Some vehicles may have a unique engine design referred to as the overhead valve (OHV). Many OHV engine designs have the camshaft housed inside the engine block and make use of lifters, pushrods, and rocker arms to trigger the valves in the cylinder head.

Typically, the engine timing components were excluded from the removal of the cylinder head, but if these components are eliminated, they have to be installed in exactly the same order.

Note: Different types of engine designs make use of different lengths of pushrods for the intake and exhaust valves. If these components are jumbled, engine damage is quite possible.

Replacing a Faulty Head Gasket

Many timing belt kits come with a marked belt for easy installation. The markings on the belt vary for each type of timing belt kit and will be in perfect alignment with the markings on the engine components.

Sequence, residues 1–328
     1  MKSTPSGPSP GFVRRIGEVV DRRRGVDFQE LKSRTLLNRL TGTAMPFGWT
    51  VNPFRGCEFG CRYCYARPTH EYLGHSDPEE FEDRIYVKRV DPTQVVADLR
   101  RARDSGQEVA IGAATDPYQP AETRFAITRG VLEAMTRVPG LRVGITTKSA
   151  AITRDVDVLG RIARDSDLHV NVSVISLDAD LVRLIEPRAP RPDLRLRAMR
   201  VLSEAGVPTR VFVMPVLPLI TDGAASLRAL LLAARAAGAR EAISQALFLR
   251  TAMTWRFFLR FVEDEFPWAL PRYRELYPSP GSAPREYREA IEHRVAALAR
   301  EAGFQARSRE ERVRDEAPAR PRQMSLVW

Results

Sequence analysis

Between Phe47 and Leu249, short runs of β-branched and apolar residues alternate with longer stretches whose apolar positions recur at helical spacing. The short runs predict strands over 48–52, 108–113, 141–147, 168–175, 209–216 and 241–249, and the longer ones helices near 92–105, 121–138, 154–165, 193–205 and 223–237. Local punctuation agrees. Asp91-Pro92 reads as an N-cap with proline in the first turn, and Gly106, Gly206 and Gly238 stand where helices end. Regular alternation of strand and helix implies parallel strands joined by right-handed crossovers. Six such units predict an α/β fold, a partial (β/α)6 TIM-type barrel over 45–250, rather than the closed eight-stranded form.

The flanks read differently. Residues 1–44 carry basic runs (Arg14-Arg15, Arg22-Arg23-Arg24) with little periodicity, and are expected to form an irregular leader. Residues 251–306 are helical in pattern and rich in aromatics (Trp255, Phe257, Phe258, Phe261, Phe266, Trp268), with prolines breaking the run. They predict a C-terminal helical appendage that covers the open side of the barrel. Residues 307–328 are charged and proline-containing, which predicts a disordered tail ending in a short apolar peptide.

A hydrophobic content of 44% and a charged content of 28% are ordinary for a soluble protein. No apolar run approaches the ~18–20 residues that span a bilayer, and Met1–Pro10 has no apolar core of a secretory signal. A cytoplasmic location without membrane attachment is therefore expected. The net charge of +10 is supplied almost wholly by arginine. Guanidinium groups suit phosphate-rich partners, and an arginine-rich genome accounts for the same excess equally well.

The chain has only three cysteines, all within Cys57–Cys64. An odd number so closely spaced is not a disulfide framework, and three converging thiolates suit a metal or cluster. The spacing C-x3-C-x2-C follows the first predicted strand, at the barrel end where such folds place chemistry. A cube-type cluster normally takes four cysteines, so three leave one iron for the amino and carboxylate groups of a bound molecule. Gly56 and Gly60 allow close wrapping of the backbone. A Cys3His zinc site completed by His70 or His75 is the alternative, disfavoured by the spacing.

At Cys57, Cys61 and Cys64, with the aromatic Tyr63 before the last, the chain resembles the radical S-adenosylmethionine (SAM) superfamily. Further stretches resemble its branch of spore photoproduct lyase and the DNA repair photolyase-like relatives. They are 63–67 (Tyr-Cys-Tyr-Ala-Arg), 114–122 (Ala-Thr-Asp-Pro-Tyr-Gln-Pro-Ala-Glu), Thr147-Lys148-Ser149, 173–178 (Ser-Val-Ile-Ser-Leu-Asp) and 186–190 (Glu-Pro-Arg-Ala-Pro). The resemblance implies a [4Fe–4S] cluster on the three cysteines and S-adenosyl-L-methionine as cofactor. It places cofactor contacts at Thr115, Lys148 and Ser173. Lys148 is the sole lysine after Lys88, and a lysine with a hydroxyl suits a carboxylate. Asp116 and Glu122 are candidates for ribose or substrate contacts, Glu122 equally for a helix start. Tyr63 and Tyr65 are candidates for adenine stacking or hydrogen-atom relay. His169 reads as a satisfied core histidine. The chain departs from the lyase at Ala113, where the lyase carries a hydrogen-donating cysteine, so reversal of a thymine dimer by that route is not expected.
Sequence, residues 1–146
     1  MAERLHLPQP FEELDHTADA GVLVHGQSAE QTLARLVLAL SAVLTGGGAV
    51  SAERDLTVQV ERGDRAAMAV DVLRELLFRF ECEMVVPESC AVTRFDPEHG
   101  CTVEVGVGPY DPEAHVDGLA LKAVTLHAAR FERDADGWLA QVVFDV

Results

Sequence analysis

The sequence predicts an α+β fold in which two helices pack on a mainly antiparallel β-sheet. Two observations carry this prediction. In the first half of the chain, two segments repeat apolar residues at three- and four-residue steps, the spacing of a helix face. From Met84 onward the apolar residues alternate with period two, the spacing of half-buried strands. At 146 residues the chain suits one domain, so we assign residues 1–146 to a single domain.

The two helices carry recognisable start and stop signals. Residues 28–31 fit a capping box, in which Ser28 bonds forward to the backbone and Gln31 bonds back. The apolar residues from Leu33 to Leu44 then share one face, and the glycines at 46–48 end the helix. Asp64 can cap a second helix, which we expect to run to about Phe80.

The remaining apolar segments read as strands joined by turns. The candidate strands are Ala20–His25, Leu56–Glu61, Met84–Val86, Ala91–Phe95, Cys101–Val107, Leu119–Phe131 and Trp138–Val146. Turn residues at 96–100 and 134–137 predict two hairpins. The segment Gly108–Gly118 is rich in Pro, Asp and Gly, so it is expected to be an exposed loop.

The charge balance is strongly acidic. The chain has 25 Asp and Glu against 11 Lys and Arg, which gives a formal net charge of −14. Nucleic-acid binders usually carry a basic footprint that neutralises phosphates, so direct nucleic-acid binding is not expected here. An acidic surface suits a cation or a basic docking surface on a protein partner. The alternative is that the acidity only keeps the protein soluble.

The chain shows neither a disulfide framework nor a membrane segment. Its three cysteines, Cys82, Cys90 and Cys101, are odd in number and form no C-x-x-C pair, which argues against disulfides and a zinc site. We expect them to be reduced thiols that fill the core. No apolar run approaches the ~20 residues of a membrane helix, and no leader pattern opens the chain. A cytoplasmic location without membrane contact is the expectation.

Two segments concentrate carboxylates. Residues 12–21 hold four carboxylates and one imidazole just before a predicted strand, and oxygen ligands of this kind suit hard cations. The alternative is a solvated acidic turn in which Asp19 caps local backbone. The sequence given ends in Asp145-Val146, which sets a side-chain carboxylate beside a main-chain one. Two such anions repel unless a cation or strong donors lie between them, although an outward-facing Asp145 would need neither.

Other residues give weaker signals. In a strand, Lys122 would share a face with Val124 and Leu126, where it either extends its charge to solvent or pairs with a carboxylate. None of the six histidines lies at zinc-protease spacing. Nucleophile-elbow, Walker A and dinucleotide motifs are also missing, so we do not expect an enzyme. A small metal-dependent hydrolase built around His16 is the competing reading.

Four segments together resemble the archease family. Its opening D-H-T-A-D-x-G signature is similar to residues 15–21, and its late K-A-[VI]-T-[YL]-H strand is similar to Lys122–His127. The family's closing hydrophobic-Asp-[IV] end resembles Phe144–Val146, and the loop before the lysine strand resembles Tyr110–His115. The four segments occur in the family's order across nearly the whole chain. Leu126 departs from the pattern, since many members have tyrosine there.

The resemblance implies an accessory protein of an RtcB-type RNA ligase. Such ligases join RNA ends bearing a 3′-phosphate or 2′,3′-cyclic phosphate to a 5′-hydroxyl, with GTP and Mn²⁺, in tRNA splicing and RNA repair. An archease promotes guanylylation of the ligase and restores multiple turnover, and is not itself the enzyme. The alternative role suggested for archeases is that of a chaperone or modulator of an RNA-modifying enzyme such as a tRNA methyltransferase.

The cylinder head gasket or seal lies under the cylinder head assembly. The material used for the same can range from metal to a material that will crush after the installation of cylinder head bolts and torque. Every now and then, both materials are used in the construction of the cylinder head gasket.

This gasket must consist and resist combustion pressures and temperatures. Often, you may look for breaks between two cylinders or a break where an oil or coolant port seal has cracked.

 

Part 3 – Scrutinise the Cylinder Head Assembly

The engine block and cylinder head assembly consist of ports through which the engine oil flows and provides the necessary lubrication. Also, the engine coolant flows to control the temperature.